Marsh Tiger

Marsh Tiger butterfly, wings closed
Marsh Tiger, Danaus affinis

Another visitor: the Marsh Tiger, Danaus affinis, is common on the swampy grasslands not far from us alongside Ross River,  but this is the first time I have caught one in our garden. It’s about the same size as the Eggfly or the Migrant, and the sexes are very similar as you can see in this photo which I took near Ross River last year.

These Marsh Tigers are sometimes called Swamp Tigers, but a real Swamp Tiger is a very different beast and you wouldn’t want to get so close to it. There’s a YouTube video about them here, but my first introduction to them and their unique homeland was a fascinating novel, The Hungry Tide by Amitav Ghosh; it’s warmly recommended.

How special are we?

Most of us automatically make a huge distinction between people – ‘us’ – and animals – ‘them’ – but is that really justifiable? When we look at the question instead of taking the answer for granted, the gap shrinks dramatically.

First, we are compelled to realise that we are animals, big monkeys in fact, so the distinction is between ‘people’ and ‘other animals’. That step may seem small now but it split England right down the middle 150 years ago Continue reading “How special are we?”

The oil crunch

The ABC’s Catalyst is a regular part of my (limited) TV viewing and last night’s programme was exceptionally good, tackling an important subject intelligently and entertainingly.

The topic? Peak Oil, the idea that global oil production has to decline after all the easily-extractable oil is exploited. Some experts think the peak was in 2006, others claim we haven’t reached it yet, but the consequences are going to be challenging either way: much higher oil prices forcing enormous economic, and hence social, changes. (Did someone say ‘collapse’?) Continue reading “The oil crunch”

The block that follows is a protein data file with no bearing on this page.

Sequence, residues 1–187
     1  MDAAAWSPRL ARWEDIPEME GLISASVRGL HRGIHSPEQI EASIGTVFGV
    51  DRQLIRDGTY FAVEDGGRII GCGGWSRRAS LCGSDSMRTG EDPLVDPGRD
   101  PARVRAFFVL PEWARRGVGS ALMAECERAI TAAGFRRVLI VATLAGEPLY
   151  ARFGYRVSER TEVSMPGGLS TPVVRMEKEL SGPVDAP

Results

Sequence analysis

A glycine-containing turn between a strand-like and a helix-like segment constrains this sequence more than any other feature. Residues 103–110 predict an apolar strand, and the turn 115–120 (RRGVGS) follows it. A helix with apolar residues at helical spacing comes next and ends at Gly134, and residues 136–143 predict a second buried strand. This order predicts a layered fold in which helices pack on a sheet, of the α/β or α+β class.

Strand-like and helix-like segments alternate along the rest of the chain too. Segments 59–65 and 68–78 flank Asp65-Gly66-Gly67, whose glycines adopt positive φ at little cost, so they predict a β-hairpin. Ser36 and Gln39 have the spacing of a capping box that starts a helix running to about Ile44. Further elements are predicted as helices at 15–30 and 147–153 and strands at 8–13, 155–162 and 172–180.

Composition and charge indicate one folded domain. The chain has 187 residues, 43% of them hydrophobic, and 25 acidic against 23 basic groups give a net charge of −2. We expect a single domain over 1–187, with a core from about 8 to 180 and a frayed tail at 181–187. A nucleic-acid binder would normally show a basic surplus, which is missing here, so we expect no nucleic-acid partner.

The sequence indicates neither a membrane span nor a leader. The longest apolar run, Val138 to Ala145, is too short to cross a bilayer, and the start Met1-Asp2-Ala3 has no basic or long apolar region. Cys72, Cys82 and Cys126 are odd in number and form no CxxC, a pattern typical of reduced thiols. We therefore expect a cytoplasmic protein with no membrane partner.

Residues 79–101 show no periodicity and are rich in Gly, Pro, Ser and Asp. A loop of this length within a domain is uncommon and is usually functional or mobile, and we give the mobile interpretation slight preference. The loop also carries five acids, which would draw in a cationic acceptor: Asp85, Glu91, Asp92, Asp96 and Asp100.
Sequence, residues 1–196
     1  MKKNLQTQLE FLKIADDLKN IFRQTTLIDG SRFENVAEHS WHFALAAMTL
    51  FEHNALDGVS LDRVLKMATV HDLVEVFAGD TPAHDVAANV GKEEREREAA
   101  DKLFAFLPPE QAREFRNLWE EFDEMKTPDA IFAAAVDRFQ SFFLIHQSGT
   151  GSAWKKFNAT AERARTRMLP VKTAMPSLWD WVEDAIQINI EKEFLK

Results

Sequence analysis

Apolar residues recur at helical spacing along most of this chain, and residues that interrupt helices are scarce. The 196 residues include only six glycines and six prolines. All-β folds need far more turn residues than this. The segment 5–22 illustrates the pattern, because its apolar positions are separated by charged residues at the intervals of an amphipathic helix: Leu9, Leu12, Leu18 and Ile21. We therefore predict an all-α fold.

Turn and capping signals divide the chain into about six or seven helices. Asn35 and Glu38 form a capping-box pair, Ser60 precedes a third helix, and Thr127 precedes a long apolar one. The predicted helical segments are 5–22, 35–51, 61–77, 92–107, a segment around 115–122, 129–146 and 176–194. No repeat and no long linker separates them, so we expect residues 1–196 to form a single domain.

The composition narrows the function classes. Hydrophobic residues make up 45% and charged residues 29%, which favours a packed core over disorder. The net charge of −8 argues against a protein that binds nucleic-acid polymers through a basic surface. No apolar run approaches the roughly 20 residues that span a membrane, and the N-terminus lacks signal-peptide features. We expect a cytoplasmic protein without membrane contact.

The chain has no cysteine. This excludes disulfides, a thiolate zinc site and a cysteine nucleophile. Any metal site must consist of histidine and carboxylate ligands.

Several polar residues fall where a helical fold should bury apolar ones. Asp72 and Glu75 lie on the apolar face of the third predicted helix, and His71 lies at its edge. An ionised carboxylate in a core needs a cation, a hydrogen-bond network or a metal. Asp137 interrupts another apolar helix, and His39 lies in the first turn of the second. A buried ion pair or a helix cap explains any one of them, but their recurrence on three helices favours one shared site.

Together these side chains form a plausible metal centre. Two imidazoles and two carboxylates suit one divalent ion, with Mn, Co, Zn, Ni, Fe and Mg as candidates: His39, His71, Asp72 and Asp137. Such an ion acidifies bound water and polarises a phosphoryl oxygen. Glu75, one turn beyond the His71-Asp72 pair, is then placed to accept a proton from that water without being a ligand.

Tasmania’s Wilderness Battles

Buckman - Tasmania's Wilderness BattlesGreg Buckman

Tasmania’s Wilderness Battles

Jacana, June 2008, $29.95

Wilderness has been a bigger community issue in Tasmania than in any other Australian state, so a history of the fight to preserve it has a lot of ground to cover. Buckman organises it chronologically within four strands – hydro-electric power, forestry, mining and national parks – and traces them from the 1850s to the beginning of this year.

‘The Hydro’ created the biggest issues: Lake Pedder and the Franklin River made national headlines and political history from the 1960s to the 1980s. The conservationists’ focus then shifted to forestry, confronting the rise of woodchipping and the (stalled, as of October 2008) Tamar Valley pulp mill. Continue reading “Tasmania’s Wilderness Battles”

Environment books 2007

On this page are reviews of three books with environmental themes, all released between late 2006 and late 2007 and all reviewed by me for the Townsville Bulletin. (The freedom to cover issues the paper wouldn’t usually touch was one of the perks of my role there.) I am adding them to Green Path in 2020 as a time-capsule, a snapshot of where we were at the time. I have shortened the longest of them but they are otherwise unaltered.

The books are, in order, a manual for activism, a manual for individual action, and a caustic but entertaining look at some of the policies that have led towards our looming predicament.

Michael Norton: 365 Ways to Change the World

365 Ways coverMost of us would like to see changes in our world but we usually don’t do anything, and often that’s because we simply don’t know where to start. Whether we want better school lunches for our kids or more protection for the Amazonian rainforest, this book will help.

It tackles a new subject every day of the year. In one page we get a quick summary of the topic, web sites to visit to get more information or to act immediately (through online petitions, donations, etc), and a short list of actions anyone can undertake locally.